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Eobowenia gen. nov. from the Early Cretaceous of Patagonia: indication for an early divergence of Bowenia ?

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ABSTRACT

Background: Even if they are considered the quintessential “living fossils”, the fossil record of the extant genera of the Cycadales is quite poor, and only extends as far back as the Cenozoic. This lack of data represents a huge hindrance for the reconstruction of the recent history of this important group. Among extant genera, Bowenia (or cuticles resembling those of extant Bowenia) has been recorded in sediments from the Late Cretaceous and the Eocene of Australia, but its phylogenetic placement and the inference from molecular dating still imply a long ghost lineage for this genus.

Results: We re-examine the fossil foliage Almargemia incrassata from the Lower Cretaceous Anfiteatro de Ticó Formation in Patagonia, Argentina, in the light of a comparative cuticular analysis of extant Zamiaceae. We identify important differences with the other member of the genus, viz. A. dentata, and bring to light some interesting characters shared exclusively between A. incrassata and extant Bowenia. We interpret our results to necessitate the erection of the new genus Eobowenia to accommodate the fossil leaf earlier assigned as Almargemia incrassata. We then perfom phylogenetic analyses, including the first combined morphological and molecular analysis of the Cycadales, that indicate that the newly erected genus could be related to extant Bowenia.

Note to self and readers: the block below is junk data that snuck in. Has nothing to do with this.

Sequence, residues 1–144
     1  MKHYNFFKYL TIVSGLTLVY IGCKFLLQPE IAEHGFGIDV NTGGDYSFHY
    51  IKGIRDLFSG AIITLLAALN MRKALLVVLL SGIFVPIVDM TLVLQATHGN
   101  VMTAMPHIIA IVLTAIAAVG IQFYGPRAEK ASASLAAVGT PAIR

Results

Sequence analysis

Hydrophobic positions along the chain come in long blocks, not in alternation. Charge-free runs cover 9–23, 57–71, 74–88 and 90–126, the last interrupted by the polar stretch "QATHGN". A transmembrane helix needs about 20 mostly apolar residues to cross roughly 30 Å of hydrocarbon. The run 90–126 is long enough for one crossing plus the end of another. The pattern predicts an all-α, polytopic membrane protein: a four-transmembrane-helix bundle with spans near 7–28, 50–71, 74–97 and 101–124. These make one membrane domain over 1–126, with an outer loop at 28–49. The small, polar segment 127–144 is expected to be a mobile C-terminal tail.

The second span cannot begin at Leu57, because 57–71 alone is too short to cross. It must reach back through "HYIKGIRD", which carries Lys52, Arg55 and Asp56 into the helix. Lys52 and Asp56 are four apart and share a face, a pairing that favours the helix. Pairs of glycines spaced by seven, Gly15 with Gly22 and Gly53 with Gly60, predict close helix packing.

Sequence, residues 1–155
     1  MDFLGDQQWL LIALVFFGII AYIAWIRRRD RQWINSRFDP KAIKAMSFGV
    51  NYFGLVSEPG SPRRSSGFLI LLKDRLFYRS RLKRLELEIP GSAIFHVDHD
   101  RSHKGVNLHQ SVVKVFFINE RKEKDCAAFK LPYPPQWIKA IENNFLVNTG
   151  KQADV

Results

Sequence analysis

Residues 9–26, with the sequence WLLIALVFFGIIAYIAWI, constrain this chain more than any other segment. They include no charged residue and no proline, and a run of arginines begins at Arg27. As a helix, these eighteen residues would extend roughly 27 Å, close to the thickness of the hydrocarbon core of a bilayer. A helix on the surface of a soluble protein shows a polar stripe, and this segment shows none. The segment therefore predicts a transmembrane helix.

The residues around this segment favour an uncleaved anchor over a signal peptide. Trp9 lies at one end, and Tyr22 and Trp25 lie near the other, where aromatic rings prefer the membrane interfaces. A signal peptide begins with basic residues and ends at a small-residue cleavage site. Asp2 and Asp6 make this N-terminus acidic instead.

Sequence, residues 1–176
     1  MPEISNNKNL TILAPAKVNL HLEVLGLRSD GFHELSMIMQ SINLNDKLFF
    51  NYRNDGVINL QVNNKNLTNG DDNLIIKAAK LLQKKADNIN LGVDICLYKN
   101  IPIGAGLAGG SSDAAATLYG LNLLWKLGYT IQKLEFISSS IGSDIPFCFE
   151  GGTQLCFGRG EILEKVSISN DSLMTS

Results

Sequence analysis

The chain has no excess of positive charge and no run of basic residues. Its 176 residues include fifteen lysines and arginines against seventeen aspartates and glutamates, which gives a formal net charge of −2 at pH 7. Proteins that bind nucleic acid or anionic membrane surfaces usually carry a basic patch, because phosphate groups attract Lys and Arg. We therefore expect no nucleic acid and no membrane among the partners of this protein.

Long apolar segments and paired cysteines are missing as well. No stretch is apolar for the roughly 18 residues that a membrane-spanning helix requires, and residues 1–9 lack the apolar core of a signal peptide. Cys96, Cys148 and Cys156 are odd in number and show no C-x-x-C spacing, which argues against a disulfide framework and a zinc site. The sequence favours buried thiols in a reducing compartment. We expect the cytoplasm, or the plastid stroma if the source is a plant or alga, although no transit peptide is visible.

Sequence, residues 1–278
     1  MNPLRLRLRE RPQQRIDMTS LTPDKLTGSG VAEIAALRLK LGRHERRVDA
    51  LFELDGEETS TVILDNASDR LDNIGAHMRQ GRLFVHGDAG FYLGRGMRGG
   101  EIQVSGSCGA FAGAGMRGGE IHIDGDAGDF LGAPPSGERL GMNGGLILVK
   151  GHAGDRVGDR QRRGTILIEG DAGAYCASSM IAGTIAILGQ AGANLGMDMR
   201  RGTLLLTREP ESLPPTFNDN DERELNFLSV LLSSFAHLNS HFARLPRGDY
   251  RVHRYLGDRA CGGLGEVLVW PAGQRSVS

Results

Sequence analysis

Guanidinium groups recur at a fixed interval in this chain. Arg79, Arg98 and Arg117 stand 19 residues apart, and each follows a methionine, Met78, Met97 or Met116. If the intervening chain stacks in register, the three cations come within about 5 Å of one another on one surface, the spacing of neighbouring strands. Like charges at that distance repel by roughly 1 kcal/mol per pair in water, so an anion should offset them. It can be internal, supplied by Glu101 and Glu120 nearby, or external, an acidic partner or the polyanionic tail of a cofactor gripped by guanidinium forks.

Conclusion: Eobowenia incrassata could represent an important clue for the understanding of evolution and biogeography of the extant genus Bowenia, as the presence of Eobowenia in Patagonia is yet another piece of the biogeographic puzzle that links southern South America with Australasia.

Electronic supplementary material: The online version of this article (doi:10.1186/s12862-017-0943-x) contains supplementary material, which is available to authorized users.